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exercism fetch scala variable-length-quantity

Variable Length Quantity

Implement variable length quantity encoding and decoding.

The goal of this exercise is to implement VLQ encoding/decoding.

In short, the goal of this encoding is to encode integer values in a way that would save bytes. Only the first 7 bits of each byte is significant (right-justified; sort of like an ASCII byte). So, if you have a 32-bit value, you have to unpack it into a series of 7-bit bytes. Of course, you will have a variable number of bytes depending upon your integer. To indicate which is the last byte of the series, you leave bit #7 clear. In all of the preceding bytes, you set bit #7.

So, if an integer is between 0-127, it can be represented as one byte. Although VLQ can deal with numbers of arbitrary sizes, for this exercise we will restrict ourselves to only numbers that fit in a 32-bit unsigned integer. Here are examples of integers as 32-bit values, and the variable length quantities that they translate to:

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 NUMBER        VARIABLE QUANTITY
00000000              00
00000040              40
0000007F              7F
00000080             81 00
00002000             C0 00
00003FFF             FF 7F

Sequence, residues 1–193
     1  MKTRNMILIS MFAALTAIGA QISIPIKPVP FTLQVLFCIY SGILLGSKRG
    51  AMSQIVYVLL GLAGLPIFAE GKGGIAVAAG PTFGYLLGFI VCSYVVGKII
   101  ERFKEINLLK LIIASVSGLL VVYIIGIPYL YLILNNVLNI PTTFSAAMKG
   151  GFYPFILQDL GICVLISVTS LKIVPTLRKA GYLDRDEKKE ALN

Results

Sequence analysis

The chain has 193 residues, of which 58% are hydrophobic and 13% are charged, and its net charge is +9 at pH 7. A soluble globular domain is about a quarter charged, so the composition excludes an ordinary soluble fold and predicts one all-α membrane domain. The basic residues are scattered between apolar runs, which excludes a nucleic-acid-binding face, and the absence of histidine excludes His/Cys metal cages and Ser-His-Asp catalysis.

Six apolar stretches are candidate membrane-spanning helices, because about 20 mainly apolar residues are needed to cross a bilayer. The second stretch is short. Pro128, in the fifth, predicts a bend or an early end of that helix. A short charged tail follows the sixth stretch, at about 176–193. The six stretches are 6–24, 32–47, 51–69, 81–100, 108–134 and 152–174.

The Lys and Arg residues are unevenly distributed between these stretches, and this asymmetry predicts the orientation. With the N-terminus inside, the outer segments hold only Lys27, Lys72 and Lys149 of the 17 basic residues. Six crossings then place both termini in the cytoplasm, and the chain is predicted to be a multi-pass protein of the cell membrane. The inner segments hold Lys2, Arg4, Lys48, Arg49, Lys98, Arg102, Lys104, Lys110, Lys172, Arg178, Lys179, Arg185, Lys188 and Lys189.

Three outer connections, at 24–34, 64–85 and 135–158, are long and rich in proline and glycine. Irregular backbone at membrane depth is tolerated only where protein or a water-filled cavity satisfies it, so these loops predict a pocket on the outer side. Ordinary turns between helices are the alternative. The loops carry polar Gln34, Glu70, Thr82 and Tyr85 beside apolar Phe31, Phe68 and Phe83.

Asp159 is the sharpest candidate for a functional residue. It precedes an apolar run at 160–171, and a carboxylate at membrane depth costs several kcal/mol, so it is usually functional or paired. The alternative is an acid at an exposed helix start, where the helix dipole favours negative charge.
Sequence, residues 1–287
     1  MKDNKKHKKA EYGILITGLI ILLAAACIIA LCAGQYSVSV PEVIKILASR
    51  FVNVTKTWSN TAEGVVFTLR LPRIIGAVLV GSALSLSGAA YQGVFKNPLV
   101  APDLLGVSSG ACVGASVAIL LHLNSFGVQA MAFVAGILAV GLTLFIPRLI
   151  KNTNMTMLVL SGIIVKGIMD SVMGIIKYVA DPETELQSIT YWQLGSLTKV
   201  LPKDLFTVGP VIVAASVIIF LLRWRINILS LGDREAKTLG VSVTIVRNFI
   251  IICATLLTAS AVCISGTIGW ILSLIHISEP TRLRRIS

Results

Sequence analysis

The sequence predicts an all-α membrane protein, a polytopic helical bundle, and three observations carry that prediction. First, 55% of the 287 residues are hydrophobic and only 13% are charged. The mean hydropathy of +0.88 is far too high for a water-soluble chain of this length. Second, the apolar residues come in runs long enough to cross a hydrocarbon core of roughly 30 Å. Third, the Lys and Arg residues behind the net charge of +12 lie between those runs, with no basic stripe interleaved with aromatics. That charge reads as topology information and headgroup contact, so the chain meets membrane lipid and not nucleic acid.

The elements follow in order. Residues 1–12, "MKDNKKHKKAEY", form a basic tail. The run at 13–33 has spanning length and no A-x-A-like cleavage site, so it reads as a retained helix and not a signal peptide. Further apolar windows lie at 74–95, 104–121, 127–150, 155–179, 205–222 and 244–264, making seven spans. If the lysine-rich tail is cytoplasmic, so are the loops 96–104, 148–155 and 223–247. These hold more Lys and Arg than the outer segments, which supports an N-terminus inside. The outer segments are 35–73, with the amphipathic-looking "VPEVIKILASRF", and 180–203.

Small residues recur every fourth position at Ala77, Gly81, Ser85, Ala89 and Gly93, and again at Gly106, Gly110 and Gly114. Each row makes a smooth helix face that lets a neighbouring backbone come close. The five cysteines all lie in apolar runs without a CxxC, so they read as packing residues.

00004000           81 80 00
00100000           C0 80 00
001FFFFF           FF FF 7F
00200000          81 80 80 00
08000000          C0 80 80 00
0FFFFFFF          FF FF FF 7F

Hints

Remember that in Scala there are two forms of the right shift operator. The >> operator preserves the sign, while >>> zeroes the leftmost bits.

The Scala exercises assume an SBT project scheme. The exercise solution source should be placed within the exercise directory/src/main/scala. The exercise unit tests can be found within the exercise directory/src/test/scala.

To run the tests simply run the command sbt test in the exercise directory.

For more detailed info about the Scala track see the help page.

Source

A poor Splice developer having to implement MIDI encoding/decoding. https://splice.com

Submitting Incomplete Solutions

It's possible to submit an incomplete solution so you can see how others have completed the exercise.